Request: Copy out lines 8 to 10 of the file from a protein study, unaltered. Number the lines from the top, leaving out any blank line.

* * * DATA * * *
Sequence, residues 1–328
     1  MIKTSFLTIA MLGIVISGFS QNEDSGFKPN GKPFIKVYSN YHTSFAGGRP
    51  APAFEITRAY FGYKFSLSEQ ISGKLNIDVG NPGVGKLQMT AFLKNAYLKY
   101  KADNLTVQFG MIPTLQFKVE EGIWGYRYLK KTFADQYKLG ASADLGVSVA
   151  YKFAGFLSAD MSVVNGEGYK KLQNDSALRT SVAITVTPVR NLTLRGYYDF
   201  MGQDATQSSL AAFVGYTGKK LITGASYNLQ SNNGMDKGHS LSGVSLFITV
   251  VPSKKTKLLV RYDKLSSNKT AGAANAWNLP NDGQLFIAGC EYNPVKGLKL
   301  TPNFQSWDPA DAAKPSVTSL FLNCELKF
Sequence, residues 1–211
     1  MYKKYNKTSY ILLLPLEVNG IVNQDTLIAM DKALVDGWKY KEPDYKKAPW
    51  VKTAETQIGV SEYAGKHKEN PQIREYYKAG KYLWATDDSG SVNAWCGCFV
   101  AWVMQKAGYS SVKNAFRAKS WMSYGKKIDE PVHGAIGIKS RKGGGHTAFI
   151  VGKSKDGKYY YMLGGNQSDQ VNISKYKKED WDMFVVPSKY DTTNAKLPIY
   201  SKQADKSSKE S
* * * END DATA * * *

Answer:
   301  TPNFQSWDPA DAAKPSVTSL FLNCELKF
Sequence, residues 1–211
     1  MYKKYNKTSY ILLLPLEVNG IVNQDTLIAM DKALVDGWKY KEPDYKKAPW